One of the most interesting walks in Old Havana is Obispo Street, which links Plaza de Armas with Central Park, across the street from our hotel. This ¾ mile long, narrow street, a pedestrian walkway, has been one of Havana’s busiest since its creation. At the eastern end is the pink Hotel Ambos Bundos, where Hemingway stayed (off-and-on) throughout the 1930’s. On numerous occasions, perhaps every night during some periods, he walked west on Obispo Street to get to his favorite restaurant and bar, El Floridita. Today, visitors and locals stroll along this street into the wee hours of the morning, even during the week. It is difficult to walk more than a short block without hearing the sounds of yet another excellent musical group, playing in clubs, bars or on the street. The groups provide visitors with a variety of wonderful Cuban music. Sometimes it is soft and melodic, and other times energizing Salsa.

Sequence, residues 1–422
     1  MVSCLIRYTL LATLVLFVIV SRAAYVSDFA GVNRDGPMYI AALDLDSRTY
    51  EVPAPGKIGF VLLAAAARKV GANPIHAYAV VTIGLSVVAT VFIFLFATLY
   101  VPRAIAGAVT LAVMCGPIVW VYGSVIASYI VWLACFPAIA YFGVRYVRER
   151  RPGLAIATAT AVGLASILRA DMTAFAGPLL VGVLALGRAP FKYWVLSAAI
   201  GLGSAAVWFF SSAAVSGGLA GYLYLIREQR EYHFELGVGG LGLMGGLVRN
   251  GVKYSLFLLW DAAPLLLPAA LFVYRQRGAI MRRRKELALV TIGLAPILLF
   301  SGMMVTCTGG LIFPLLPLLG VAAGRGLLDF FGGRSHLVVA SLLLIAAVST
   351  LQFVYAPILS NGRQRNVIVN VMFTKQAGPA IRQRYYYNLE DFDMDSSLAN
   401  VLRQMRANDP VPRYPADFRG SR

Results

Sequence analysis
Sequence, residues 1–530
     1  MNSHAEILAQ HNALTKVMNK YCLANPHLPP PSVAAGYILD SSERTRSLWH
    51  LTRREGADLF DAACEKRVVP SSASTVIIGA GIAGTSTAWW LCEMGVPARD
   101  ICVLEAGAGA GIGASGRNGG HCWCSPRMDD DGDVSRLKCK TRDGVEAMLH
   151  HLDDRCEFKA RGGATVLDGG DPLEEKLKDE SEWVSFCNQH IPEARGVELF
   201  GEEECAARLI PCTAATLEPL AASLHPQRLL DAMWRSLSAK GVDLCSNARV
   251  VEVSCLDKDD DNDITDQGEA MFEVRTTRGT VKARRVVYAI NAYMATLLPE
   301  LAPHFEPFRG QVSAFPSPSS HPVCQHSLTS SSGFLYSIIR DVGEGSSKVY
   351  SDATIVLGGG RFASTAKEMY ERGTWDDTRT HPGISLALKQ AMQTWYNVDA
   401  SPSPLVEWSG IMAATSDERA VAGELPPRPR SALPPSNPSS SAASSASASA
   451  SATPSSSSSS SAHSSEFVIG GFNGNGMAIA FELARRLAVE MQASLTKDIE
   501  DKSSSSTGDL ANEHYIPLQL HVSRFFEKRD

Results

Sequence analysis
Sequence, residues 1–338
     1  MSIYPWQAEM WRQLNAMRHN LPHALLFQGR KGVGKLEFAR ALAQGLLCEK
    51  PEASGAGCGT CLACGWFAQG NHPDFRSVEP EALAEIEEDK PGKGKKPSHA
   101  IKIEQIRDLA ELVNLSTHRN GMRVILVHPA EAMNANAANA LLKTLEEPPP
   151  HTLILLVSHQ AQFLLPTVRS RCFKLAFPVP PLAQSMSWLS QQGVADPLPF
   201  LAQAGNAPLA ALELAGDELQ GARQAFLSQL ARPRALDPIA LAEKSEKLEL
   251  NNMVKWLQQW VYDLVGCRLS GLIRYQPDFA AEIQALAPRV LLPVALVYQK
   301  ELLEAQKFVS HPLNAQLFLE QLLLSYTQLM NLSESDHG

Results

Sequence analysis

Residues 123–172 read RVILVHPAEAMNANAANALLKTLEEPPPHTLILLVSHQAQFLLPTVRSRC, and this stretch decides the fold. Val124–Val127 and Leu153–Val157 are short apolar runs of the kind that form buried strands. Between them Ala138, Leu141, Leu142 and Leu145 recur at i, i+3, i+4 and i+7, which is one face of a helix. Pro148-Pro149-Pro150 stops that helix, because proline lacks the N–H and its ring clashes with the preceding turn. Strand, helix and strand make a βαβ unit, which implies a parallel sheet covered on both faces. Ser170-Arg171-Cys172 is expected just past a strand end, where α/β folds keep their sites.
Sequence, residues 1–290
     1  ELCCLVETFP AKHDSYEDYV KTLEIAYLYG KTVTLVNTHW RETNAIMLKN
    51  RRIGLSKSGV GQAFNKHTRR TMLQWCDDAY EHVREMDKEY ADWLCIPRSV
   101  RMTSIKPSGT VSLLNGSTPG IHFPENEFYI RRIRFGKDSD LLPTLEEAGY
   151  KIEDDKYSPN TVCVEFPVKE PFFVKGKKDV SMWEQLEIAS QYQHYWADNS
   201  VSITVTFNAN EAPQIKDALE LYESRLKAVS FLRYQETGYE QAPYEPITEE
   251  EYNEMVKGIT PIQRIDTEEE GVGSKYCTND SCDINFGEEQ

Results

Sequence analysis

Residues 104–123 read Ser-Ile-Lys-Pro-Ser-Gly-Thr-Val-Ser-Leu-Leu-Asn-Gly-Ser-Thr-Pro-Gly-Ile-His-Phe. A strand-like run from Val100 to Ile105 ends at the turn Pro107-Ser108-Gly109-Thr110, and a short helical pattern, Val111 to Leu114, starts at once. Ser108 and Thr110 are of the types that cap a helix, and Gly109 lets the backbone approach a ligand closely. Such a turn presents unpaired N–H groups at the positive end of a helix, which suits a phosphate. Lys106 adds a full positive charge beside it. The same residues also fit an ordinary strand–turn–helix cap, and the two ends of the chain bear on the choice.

One thing that really stands out to me since my last visit a year ago is the great increase in rehabilitative construction. There are many new and ongoing projects to spruce up old Havana. I assume that these many projects are an indication that tourism is expected to continually increase. Another assumption is that much of the funding for this rehabilitation is coming from China and other countries. So as more Americans visit Cuba in the future, the money they bring with them will be used to help pay off a significant portion of Cuba’s debt to China.